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Aguirre defense rests; jury hears closing arguments

By Katherine Wartell

After a one-week trial, closing statements were made Friday morning in the capital murder case against Luis Aguirre, accused of murdering his ex-girlfriend, Tanya Maldonado, and their 13-month-old son, Juan.

Though the trial was estimated to last two to four weeks, the state rested its case Thursday afternoon, and Jeffrey Wicks, one of Aguirre’s defense attorneys, announced Friday morning that the defense rested its case as well. He said that they would not be calling any witnesses to the stand, and Aguirre would not testify.

The state, represented by Riley County Attorney Barry Wilkerson and Assistant Riley County Attorney Barry Disney, asked jurors to consider the evidence and find that Maldonado and Juan were killed intentionally and with premeditation.

Aguirre has claimed that both deaths are accidental. In his closing statement, Disney said, “That’s like someone being eaten by a shark while being struck by lightning, while having the winning lottery ticket in his pocket.”

Tim Frieden, part of Aguirre’s defense, asked the jurors to consider the lesser sentences, like second-degree murder, manslaughter, or even not guilty, for which he said there was evidence, when examining the facts of the case. “It doesn’t quite come to what [the state] wants it to be,” he said.

Frieden said Aguirre had exhibited remorse and that the deaths were not premeditated.

At the time of publication, members of the jury had begun deliberations. If they find Aguirre guilty of capital murder, they will have to decide whether to sentence the death penalty or life without the possibility of parole.

A K-State biology professor who examined the gravesite where the bodies of Maldonado and Juan were found in October 2009 was the last witness to be called by the state Thursday afternoon.

The bodies of Maldonado and Juan were found by a deer hunter on Oct. 25, 2009, in a shallow grave located near a soybean field in the 6300 block of 32nd Street in Ogden.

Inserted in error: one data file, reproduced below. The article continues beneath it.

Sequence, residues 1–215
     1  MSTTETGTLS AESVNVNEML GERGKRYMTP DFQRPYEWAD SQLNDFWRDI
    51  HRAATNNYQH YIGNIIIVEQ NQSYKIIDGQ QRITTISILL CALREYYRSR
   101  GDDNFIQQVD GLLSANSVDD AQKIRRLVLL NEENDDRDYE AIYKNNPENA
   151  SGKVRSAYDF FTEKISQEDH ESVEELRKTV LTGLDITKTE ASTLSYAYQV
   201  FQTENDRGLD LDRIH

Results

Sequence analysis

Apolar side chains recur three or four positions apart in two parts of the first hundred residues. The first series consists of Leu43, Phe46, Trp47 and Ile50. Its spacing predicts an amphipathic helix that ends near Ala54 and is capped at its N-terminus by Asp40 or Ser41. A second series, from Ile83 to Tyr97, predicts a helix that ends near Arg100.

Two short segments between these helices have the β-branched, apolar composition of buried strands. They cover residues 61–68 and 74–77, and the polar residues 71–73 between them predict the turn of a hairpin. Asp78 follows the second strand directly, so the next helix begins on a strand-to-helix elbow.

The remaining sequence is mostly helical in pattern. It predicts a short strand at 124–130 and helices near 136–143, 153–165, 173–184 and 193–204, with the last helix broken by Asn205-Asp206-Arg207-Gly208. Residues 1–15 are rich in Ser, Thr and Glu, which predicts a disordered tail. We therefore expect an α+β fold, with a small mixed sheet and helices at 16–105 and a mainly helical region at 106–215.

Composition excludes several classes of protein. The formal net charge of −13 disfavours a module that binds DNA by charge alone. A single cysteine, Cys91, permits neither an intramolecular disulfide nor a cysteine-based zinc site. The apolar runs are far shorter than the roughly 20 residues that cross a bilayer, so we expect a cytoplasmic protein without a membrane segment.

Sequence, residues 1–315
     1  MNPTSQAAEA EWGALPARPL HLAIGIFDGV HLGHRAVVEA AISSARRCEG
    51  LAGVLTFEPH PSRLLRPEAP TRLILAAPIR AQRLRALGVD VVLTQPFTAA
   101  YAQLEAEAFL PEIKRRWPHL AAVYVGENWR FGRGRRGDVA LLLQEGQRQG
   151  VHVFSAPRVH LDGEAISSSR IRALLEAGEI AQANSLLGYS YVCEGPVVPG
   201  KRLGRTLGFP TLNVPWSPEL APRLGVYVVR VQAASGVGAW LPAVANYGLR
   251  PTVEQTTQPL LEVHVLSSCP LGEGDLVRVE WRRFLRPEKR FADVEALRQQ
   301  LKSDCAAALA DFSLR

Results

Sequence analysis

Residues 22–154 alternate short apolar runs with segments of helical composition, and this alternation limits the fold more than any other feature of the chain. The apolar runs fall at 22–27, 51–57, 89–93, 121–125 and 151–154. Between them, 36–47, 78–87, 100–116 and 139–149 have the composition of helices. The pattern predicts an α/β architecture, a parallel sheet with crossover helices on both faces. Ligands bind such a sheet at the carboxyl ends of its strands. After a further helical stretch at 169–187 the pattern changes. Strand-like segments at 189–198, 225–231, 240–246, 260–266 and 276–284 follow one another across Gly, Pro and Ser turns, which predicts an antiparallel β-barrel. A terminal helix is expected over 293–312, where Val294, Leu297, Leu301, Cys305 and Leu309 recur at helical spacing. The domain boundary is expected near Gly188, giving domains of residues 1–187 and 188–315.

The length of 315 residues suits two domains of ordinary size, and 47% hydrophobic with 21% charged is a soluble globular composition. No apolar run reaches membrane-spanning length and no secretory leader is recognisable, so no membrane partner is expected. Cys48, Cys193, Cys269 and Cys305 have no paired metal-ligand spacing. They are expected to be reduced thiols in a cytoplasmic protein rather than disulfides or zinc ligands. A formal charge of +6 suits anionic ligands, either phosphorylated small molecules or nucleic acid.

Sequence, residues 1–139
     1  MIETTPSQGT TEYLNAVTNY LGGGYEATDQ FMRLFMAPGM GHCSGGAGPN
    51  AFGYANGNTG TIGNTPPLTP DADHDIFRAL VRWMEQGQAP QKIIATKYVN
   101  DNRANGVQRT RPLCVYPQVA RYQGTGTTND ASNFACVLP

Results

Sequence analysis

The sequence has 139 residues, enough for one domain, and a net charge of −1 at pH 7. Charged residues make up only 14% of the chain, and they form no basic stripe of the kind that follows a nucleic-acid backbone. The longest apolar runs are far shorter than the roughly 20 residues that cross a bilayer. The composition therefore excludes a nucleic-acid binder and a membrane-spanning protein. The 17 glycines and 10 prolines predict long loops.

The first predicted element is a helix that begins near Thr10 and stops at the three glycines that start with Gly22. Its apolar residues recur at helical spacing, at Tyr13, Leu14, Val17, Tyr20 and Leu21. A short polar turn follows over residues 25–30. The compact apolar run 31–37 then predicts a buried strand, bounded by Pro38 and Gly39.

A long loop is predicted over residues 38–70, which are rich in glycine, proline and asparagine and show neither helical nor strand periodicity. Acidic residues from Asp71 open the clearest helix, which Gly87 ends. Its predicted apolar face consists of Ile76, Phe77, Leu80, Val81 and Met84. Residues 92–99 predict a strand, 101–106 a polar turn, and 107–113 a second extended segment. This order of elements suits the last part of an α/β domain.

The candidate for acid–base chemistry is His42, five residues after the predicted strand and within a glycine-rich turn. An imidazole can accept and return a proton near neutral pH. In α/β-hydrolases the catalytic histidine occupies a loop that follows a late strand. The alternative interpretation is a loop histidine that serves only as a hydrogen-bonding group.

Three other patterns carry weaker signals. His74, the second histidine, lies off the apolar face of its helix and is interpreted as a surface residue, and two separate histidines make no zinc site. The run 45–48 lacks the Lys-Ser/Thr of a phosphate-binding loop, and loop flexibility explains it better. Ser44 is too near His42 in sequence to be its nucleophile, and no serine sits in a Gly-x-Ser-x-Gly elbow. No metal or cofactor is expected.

Spencer Tomb, a botanist who holds a doctorate in cytogenetics, testified that he was called to the gravesite by former detective Alan Riniker on Oct. 26, 2009, and that based upon his examination the grave was four to six weeks old.

In an interview with detectives, Aguirre said he buried his ex-girlfriend and his child not long after both accidentally died in his Ogden apartment on the night of Sep. 21, 2009. Aguirre told detectives that he panicked and that his first reaction was to try to hide the deaths. He said he knew he should have called the police and repeated several times that their deaths were not planned.

But Tomb’s testimony contradicted that version of events when he suggested that, based upon further examination, the grave had been opened three or four days before Maldonado and Juan were placed inside.

He based his conclusion on flattened Box Elder leaves found under the body of Maldonado that had stacked three high, saying that build-up would not have been possible in the short time Aguirre claimed to have dug the grave and placed the two inside.

Aguirre’s defense objected to Tomb’s testimony and argued that Tomb in his original report first stated that the grave would have been opened 12 hours prior to when the bodies of Maldonado and Juan were placed inside but later changed his opinion to three to four days.

Updates on the jury’s deliberation can be found at as they become available.

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